INDIANAPOLIS December 8, 2015 – The Indy Chamber will push the Indiana General Assembly for stronger anti-discrimination laws and forward-looking education and transportation policies in 2016. The Chamber outlined these and other priorities for next year’s legislative session today, also calling on lawmakers to give local government more authority to expand mass transit, encourage job creation and collect commuter taxes.
The regional business group reiterated its support for expanded state civil rights protection in the wake of last session’s RFRA controversy, and is taking a leading role in the ‘Indiana Competes’ coalition lobbying to ban discrimination on the basis of sexual orientation and gender identity in housing, employment and public accommodations.
“From our largest employers to our newest start-ups, our members identify human capital as a top priority,” said Michael Huber, President & CEO of the Indy Chamber. “Keeping Indianapolis a welcoming place for everyone who wants to live, visit or do business here is the right thing to do, and an economic necessity.”
While inclusive laws will help Indy appeal to new talent, the Chamber is also focused on developing tomorrow’s “homegrown” talent. The organization sees the need for stronger alignment between employer demands and college and vocational programs, more high school counselors to provide career-focused advice to students, and greater flexibility for local school districts to innovate and incentivize teachers.
With mounting evidence that early childhood education makes a lasting impact on academics, employment and earning potential, the Chamber will continue to promote state-funded, high-quality pre-kindergarten – building on the existing ‘On My Way Pre-K’ pilot program and planning for a statewide program in the next budget.
“Investing in early childhood education will save Hoosier taxpayers in the long run,” said Connie Bond Stuart, Regional President of PNC Bank and a member of the Indy Chamber Executive Committee. “By giving every child a solid foundation for learning and life, we reduce the need for special education and remediation, lessen the impact of crime and poverty and gain the benefits of a better-prepared, more productive workforce.”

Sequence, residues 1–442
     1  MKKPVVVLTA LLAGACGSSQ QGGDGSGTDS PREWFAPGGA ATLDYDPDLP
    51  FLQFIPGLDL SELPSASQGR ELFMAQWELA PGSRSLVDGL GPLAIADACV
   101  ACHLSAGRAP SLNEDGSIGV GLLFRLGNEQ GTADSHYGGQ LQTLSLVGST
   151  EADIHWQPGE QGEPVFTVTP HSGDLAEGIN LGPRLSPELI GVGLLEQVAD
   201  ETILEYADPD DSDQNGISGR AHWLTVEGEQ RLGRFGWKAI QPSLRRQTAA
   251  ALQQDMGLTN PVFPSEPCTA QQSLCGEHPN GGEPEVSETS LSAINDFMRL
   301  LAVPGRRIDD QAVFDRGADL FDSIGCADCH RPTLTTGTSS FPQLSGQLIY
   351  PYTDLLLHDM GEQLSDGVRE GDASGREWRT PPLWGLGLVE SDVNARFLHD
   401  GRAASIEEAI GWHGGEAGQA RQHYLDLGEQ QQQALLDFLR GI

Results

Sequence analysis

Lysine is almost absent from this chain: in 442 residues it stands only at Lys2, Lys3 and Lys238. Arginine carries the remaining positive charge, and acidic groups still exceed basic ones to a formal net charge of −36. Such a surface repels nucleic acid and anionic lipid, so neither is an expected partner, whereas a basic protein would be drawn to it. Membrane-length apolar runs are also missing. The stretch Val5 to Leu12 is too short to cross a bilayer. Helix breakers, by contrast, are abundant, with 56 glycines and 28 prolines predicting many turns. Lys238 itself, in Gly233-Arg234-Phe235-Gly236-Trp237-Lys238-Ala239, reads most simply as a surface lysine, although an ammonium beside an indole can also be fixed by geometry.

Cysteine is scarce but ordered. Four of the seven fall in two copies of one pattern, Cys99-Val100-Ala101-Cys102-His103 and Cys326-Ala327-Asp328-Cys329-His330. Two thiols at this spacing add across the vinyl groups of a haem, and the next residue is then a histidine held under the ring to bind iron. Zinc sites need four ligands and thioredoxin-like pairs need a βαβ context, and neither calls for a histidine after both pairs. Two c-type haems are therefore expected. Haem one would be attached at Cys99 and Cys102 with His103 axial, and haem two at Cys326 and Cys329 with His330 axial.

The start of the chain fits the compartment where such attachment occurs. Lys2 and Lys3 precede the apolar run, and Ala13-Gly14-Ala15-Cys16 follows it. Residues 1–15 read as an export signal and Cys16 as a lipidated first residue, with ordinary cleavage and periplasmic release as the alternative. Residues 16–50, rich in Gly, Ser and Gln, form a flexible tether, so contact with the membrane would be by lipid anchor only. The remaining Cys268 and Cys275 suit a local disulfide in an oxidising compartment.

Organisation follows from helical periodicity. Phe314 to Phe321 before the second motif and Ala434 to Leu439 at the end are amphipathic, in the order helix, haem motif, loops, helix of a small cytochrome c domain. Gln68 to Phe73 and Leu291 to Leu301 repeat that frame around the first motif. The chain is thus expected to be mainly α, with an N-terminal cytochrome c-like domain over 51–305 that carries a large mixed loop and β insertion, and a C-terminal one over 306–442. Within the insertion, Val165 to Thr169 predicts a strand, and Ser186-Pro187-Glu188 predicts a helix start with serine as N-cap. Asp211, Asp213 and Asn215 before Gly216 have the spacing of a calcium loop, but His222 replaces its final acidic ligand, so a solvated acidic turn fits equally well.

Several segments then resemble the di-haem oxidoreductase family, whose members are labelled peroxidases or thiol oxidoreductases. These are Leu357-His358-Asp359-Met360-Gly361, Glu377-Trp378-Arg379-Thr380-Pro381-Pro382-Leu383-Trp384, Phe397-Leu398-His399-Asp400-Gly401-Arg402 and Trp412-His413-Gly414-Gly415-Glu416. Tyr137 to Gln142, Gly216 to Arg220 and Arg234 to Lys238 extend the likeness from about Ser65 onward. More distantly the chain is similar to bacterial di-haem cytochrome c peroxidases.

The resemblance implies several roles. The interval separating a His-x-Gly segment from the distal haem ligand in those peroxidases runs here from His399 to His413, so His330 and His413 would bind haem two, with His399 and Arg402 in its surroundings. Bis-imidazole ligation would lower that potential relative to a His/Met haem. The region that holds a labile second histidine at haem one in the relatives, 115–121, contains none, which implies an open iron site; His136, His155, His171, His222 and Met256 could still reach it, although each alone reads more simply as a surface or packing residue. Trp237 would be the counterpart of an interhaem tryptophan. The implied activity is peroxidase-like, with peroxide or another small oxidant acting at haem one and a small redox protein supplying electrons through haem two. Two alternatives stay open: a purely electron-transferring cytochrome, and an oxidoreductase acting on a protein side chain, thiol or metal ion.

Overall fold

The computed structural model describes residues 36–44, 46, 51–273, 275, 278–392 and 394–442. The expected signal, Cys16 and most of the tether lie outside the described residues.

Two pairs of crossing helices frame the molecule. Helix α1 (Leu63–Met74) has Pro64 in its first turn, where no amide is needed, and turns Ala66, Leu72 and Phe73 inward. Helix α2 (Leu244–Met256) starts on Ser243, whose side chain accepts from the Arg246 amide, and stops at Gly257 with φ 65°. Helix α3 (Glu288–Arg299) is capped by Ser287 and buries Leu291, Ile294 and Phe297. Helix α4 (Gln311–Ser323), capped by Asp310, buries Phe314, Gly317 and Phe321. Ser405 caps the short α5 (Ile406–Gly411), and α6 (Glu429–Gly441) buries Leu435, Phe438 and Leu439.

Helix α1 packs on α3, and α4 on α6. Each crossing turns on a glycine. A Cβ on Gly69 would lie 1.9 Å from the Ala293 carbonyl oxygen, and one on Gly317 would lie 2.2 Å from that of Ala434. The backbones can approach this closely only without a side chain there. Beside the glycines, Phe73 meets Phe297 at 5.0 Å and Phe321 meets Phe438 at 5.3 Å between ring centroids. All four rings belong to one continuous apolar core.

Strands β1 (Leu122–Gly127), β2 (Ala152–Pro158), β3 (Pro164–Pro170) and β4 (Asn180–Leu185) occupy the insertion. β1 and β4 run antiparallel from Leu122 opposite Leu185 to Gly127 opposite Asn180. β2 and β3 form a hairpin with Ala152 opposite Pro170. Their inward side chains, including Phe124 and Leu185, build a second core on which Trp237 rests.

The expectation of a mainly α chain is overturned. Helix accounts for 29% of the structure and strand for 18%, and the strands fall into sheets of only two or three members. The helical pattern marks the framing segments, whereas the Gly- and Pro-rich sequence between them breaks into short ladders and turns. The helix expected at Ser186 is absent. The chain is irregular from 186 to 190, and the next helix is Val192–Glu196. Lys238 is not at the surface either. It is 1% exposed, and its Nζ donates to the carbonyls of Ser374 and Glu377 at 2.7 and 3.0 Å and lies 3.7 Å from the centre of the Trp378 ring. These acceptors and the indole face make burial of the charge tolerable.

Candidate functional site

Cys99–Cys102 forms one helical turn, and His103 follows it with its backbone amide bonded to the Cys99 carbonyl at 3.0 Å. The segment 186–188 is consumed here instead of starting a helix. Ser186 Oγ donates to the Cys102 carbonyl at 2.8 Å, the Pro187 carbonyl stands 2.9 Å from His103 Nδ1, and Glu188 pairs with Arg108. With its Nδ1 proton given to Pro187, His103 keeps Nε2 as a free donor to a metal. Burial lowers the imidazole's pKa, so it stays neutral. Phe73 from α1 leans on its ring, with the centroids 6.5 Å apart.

Transportation – both basic infrastructure and public transit – is another critical issue identified by Indy Chamber members. Continued investment in roads and highways supports the region’s thriving logistics industry; employers are also stepping up demands for mass transit options to connect workers to jobs, encourage new development and compete with other large regions for skilled workers.
“We need long-term funding solutions for state and local infrastructure, or we risk our competitive advantage as the ‘Crossroads of America,'” said Mark Fisher, VP of Government Relations and Policy Development for the Indy Chamber. “But today, our transportation system can move millions of tons of freight every year but can’t reliably get people to work – mass transit continues to be an urgent need.”
The Indy Chamber is advocating that adjacent townships to be allowed to vote on regional transit at the same time as Marion County – giving those who will be affected the most a timely voice on extending transit service across county lines.
“We ask only that the state lets us seek local approval and regional cooperation for projects like the Red Line rapid transit route and the rest of the Indy Connect transportation plan,” Fisher added.
The theme of local control extends into many of the Indy Chamber’s other legislative priorities: more flexibility for city and county governments on tax increment financing and economic incentives, the authority to explore government consolidation and the ability to levy taxes on commuters and visitors to fund local needs.
The Indy Chamber agenda also reflects the group’s focus on entrepreneurship and quality of life in economic development. It will advocate aggressive incentives for R&D and venture capital investment, support for small business microlending, and the expansion of grant programs like the Regional Cities Initiative that emphasize ‘livability’ and redevelopment.
“We continue to recruit new companies to relocate and grow in the Indy region,” said Huber. “But we recognize that 80 percent of our job creation comes from existing employers and start-ups, and that skilled people attract business opportunities. It’s smart economic policy to encourage entrepreneurs, help small businesses get bigger, and build communities where people want to live and work.
“We believe that Central Indiana will continue to drive Indiana’s economy, and we have an ambitious agenda to support growth in our region and across the state,” he finished. “Our leadership and advocacy team look forward to making our case at the Statehouse and working with our legislators to find common ground.”
The full Indy Chamber 2016 Legislative Agenda follows this release, and can be found online here.